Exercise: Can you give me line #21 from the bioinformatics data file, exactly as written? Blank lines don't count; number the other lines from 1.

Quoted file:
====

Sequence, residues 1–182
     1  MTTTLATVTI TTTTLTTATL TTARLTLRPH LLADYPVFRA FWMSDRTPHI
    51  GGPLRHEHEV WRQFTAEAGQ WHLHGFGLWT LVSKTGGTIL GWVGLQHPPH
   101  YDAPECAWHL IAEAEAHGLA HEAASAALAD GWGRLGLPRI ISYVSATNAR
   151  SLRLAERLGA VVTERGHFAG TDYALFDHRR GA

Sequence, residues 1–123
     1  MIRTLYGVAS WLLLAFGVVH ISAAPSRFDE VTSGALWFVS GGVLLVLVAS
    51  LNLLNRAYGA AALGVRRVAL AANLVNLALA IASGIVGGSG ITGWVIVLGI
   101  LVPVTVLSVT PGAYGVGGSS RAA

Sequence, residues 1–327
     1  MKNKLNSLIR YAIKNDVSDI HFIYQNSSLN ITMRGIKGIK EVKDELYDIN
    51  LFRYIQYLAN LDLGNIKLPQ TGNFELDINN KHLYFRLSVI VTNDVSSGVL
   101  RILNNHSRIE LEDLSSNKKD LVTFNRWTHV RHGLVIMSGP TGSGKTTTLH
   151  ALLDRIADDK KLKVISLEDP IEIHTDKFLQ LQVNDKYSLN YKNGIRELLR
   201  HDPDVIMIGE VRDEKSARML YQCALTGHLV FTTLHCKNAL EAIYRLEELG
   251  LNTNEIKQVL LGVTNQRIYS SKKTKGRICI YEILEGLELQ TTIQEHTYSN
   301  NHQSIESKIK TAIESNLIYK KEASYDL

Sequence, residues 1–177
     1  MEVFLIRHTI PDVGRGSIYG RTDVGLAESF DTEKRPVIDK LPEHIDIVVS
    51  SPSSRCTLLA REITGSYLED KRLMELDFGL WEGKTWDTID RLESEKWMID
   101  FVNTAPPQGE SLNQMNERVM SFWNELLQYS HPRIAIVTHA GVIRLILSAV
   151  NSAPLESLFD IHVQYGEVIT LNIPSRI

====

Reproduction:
   101  FVNTAPPQGE SLNQMNERVM SFWNELLQYS HPRIAIVTHA GVIRLILSAV